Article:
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    The new faces of transnational education

    An international joint university or binational university is an independent higher education institution established through partnership between foreign universities and host country institutions or government. In addition, it is to be registered as a public or private university with the host government.

    There are different models of international joint universities. The German binational model involves the signing of a memorandum of understanding between two parties. While funding models may differ, a consortium of German universities will typically work with the binational institutions to develop new programmes, policies and practices.

    On the contrary, the China and Vietnam governments carried out alternative models, varying partnership and funding arrangements with the partnering countries. While there is no one standard model for this initiative, it is distinct that a new independent university is established through international university-government partnerships.

    The objectives of the collaborations vary for foreign partners and host countries.

    In the case of the host countries, they can include:

    • Increasing access for students;
    • Providing niche programmes;
    • Geo-political purposes;
    • Using joint universities as ‘lighthouse institutions’ for innovation and good practice around governance, knowledge production, quality assurance, funding and pedagogy;
    • Overall modernisation and internationalisation of the higher education system.

    While for the foreign partners, they involve:

    • International branding;
    • Opportunities for faculty and staff mobility experiences;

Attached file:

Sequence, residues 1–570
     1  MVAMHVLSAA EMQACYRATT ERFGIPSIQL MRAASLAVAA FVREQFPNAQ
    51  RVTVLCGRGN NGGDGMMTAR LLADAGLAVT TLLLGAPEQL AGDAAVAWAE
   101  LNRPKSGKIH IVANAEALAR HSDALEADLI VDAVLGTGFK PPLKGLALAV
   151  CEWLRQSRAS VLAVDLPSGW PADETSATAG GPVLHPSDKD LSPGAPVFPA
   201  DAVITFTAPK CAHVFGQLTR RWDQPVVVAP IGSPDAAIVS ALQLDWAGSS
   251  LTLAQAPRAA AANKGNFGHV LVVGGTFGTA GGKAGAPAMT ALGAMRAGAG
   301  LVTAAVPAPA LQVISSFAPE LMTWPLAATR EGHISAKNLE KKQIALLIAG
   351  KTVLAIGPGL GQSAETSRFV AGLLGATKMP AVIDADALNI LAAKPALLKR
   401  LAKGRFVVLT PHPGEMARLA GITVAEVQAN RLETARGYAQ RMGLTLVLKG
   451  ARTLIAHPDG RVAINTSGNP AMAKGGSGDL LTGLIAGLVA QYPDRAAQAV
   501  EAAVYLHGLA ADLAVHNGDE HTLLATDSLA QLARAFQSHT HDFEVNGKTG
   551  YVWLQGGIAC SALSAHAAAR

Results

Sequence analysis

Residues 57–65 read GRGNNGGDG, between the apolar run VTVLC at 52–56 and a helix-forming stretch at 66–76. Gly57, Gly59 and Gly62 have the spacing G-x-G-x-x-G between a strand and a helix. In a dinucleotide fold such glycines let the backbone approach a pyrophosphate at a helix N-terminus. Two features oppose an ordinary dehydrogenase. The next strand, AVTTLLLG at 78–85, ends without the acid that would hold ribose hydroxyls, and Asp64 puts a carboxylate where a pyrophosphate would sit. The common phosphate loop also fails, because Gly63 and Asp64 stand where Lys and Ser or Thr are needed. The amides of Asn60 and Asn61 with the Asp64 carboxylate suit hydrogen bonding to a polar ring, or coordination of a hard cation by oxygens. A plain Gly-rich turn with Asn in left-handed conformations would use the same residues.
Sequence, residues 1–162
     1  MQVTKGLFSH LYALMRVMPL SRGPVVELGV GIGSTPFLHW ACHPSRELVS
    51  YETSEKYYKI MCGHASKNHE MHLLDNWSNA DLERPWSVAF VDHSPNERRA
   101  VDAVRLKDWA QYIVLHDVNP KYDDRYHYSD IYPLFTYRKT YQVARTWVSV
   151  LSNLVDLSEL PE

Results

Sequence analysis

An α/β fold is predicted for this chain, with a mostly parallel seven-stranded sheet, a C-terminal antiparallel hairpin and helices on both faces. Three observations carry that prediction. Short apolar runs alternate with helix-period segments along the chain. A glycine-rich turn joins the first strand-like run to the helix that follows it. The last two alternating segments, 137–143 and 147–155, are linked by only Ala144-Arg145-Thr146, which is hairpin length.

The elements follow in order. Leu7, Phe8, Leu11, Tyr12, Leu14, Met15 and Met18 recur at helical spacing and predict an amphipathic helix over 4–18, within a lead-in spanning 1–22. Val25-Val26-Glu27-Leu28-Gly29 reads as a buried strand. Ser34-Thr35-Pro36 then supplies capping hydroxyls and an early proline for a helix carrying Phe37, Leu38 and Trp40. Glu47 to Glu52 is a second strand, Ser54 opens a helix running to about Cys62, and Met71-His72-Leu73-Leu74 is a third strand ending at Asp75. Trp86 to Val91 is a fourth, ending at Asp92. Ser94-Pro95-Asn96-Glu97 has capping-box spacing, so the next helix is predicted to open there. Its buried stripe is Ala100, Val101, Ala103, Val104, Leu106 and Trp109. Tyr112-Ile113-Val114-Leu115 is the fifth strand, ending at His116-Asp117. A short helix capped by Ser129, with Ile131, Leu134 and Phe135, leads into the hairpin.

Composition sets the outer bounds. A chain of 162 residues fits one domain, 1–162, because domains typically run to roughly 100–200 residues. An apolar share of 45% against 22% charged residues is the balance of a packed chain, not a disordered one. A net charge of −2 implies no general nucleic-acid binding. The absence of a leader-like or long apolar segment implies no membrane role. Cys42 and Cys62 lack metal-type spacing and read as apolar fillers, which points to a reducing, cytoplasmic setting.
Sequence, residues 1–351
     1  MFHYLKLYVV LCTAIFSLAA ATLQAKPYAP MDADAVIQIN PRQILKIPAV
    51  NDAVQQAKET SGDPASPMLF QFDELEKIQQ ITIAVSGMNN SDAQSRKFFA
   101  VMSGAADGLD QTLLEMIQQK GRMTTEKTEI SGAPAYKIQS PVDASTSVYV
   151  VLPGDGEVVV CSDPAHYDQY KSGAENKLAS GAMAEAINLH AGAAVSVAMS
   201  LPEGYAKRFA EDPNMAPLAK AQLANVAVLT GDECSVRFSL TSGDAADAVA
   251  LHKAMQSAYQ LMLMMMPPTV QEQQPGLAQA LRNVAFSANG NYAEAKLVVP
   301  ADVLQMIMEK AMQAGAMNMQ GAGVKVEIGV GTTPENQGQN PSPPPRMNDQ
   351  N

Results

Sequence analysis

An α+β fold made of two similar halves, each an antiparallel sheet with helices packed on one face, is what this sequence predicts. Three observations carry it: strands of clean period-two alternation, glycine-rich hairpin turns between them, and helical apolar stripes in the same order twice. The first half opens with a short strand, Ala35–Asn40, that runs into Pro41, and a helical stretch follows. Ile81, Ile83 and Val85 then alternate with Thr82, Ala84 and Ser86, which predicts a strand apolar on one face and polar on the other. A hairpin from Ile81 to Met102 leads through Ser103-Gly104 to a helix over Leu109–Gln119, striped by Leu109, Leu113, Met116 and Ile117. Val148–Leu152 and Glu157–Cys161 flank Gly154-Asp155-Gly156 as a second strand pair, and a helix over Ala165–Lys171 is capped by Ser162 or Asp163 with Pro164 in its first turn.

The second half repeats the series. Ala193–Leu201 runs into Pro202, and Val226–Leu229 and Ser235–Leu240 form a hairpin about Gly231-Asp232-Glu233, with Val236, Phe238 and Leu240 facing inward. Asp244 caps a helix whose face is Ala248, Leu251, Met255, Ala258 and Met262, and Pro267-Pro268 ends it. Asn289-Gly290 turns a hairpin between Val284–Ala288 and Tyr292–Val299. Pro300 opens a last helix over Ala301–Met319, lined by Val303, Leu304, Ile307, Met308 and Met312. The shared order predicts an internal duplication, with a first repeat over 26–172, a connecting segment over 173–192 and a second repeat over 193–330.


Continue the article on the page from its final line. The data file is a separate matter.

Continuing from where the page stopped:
• Establishing a foreign base for research and innovation;
    • Recruitment of postgraduate students;
    • Internationalisation of programmes and teaching and learning;
    • Geo-political relations.

    Further, there are varying approaches towards the implementation of programmes due to the differing policies and regulations of the host and partner countries. However, the fundamental approaches being integrated include:

    • A joint or double degree programme;
    • A programme or qualification offered solely by one of the founding partners;
    • A programme or qualification offered by the newly founded joint institution.

    Looking to the future

    Transnational education, now also known as the international programme and provide mobility (IPPM), is rapidly broadening in reach. However, with the increasing IPPM enrolments, new forms of partnerships and rising unforeseen consequences, greater scrutiny is needed for the initiative in terms of national and institutional policy development, data collection, joint governance, monitoring and quality assurance etc.

    More research and trend analysis will be needed to be given to IPPM to ensure that international joint universities are not confused with other modes of IPPM.

    Source: University World News

    Join us at the upcoming QS-APPLE 2018 in Seoul, Korea from 21-23 November 2018 as we discuss the topic on “Future Universities in the Asia-Pacific: The Changing Face of Higher Education”.

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